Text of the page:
Post-Corona Politics: Opportunities and Threats
There is a lot of attention being paid to the latest emergency legislation being proposed to address the coronavirus pandemic, from $1,000 checks for every American to paid leave for U.S. workers to a bailout for the airline industry. While those proposals are debated and implemented, however, we have the opportunity to think about what lessons the current crisis can teach us about longer term changes. Political observers often facetiously use the phrase “never let a crisis go to waste” to refer to a cynical attempt to hijack an emergency with unrelated priorities, but if the dislocations caused by our current situation reveal opportunities for real reform, we should run with them.
One big opportunity we have already seen is federal and state regulations that were hindering response to the pandemic that have already been temporarily waived or repealed. My colleague Ryan Young just blogged a long list of these, with links to lists being created by other groups. The Transportation Security Administration is now allowing passengers to carry 12 ounces of hand sanitizers, up from 3.4 ounces, the Department of Health and Human Services will allow doctors to practice medicine across state lines, and the Food and Drug Administration is now allowing private companies to sell coronavirus tests without its approval.
We hope to see many more of these, and Ryan list several proposals in addition to the ones that have already gone forward. See also the R Street Institute’s new article “Small Regulatory Reforms That Can Help People During the Pandemic,” including important changes to occupational licensing for many different kinds of jobs and reforming “scope of practice” restrictions for medical professionals in particular. Many of these rules are easy calls for repealing because they were always protectionist and anti-competitive and therefore bad policy to begin with. Not only do they not serve the interests of patients and consumers today, there was never a good public interest argument for enacting most of them to begin with. Hence why many people have begun sharing examples and suggestions on Twitter with the #NeverNeeded tag.
Beyond repealing the specific rules that are actively inhibiting public health and resiliency responses, we have the bigger question of how large a role government agencies, and the federal government in particular, should play in the life of the nation after the pandemic is resolved. Some advocates of a bigger, more expensive government have suggested that a public health crisis like the one we’re in proves that we need more programs, agencies, and spending. But blindly spending trillions of more taxpayer dollars won’t make us safer.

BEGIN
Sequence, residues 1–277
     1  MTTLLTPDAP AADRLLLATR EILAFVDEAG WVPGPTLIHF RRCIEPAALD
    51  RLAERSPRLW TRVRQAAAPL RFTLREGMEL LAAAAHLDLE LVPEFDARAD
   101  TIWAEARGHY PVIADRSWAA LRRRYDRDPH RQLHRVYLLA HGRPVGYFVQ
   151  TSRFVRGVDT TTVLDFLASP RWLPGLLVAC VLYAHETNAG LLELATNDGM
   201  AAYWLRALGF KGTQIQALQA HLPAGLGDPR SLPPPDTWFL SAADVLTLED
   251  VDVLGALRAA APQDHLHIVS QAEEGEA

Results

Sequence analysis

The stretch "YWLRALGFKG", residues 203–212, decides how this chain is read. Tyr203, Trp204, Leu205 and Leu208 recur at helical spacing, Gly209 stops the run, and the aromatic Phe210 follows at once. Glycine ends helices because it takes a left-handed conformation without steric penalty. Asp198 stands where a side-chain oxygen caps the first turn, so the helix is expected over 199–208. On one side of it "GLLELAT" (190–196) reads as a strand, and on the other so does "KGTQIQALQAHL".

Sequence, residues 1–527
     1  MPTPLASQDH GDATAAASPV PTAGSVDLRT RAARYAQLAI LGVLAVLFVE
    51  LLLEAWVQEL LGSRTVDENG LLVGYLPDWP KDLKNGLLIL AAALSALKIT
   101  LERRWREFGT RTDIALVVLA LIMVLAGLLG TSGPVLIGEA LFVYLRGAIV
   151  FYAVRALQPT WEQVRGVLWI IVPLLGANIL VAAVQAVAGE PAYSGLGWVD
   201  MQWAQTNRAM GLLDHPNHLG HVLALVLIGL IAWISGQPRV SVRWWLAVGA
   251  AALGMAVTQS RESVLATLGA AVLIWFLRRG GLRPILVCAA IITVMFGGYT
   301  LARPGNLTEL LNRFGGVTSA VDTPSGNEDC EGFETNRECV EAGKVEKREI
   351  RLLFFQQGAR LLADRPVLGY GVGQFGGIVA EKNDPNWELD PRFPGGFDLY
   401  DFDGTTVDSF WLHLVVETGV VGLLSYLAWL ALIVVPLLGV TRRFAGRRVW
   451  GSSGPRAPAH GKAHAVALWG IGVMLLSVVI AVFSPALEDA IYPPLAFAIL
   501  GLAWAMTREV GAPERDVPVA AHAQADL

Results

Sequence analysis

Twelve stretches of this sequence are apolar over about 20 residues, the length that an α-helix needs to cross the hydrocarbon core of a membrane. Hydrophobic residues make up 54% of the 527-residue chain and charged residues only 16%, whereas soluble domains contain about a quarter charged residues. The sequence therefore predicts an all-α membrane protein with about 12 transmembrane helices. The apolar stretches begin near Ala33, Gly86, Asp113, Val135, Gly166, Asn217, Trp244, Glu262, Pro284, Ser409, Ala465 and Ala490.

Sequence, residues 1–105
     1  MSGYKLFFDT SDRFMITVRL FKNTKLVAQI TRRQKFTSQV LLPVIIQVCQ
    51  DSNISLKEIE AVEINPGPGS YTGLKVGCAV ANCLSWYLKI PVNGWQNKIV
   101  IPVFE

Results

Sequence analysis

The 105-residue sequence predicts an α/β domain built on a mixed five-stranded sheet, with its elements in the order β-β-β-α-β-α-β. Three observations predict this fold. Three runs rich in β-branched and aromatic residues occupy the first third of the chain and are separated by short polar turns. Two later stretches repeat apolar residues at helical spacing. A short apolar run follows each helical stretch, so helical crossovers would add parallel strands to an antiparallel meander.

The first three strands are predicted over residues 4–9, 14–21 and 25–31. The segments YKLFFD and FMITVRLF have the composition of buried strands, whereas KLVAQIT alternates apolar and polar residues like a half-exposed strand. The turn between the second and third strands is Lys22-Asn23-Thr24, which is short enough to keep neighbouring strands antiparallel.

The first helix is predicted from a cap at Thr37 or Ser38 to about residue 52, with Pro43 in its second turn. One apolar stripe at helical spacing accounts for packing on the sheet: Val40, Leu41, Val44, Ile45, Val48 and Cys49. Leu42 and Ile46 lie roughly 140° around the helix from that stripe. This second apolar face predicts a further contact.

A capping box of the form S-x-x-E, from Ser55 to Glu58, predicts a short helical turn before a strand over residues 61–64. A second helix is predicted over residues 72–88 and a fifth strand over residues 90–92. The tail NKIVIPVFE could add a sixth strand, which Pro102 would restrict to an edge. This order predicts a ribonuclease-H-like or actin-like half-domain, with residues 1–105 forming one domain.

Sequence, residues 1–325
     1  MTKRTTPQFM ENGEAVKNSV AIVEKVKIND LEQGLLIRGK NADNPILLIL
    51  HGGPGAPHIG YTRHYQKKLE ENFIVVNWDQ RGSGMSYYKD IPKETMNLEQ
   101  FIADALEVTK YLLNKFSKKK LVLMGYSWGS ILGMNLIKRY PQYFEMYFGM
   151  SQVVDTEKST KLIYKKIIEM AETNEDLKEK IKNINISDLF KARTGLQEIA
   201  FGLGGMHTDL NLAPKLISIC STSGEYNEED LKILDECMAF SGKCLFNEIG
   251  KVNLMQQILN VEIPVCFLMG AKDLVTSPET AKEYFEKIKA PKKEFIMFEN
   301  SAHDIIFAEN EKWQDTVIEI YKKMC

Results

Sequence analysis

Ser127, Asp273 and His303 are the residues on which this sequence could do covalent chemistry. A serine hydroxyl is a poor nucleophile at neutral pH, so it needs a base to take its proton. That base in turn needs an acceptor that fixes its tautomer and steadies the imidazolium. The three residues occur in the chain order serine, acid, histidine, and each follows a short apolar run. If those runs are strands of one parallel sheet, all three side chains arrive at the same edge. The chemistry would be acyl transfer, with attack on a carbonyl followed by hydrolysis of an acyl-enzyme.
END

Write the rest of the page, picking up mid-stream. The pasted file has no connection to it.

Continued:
A post-corona federal government should focus on the things that are core functions of government: protecting our rights and defending our safety. Coordinating a policy response during a public health crisis certainly qualifies, but not everything else does. If anything, a smaller government that focused on the most important public priorities and left the rest to voluntary institutions would serve Americans far better. My colleague Michelle Minton made this point well earlier this week when she took the Centers for Disease Control to task for, seemingly, paying more attention to whether Americans were using flavored vapes than to actual infectious disease threats. And it’s not just a matter of money—having to administer a clutter of low-level projects distracts whomever is managing an agency like the CDC from the more important tasks on which they should be focusing.
We should also only be making policy changes that are actually sound long-term policy. My colleague Ryan Young again: “Congress should refrain from passing what my colleague Wayne Crews calls ‘flash policy,’ such as a crisis-inspired stimulus package, or bailouts, or rash monetary fixes.” It may be too late to hope that we won’t see any wasteful bailouts or rash monetary fixes, but those should, at least, be temporary one-time interventions. Worse would be making permanent changes that are arguably applicable to times of medical and societal crisis but are counterproductive to the normal functioning of the economy going forward. Sen. Elizabeth Warren (D-MA), for example, has reportedly embraced the Machiavellian meaning of the “never waste a crisis” sentiment by insisting on a $15 an hour federal minimum wage and dramatic changes to corporate management and governance that would never have been politically viable in Congress before the Covid-19 infection started.
If we’re concerned, as we should be, with restoring the U.S. economy to its pre-infection vigor, we should absolutely avoid saddling U.S. companies with restrictions on how they can operate, share risk, and apportion profits in the future. We should not impose permanent new burdens on employers and entrepreneurs to address a once-in-a-century medical emergency, and we should definitely not limit the scope of what’s possible to make and build in this country because of a short-term—though very serious—medical emergency.
Even if everyone agreed that the current administration was doing an excellent and effective job fighting Covid-19 (and that doesn’t seem to quite be the case), it wouldn’t be a reason to give government agencies more power over the non-pandemic economy in the future. If your neighbors saw your house was on fire, and pitched in to help you, would you want them to still be sitting in your living room five years later, telling you how to invest for retirement and what college your children should go to? Government has its rightful duties, and helping Americans survive a plague is one of them. That doesn’t mean we should hand them the keys to everything else.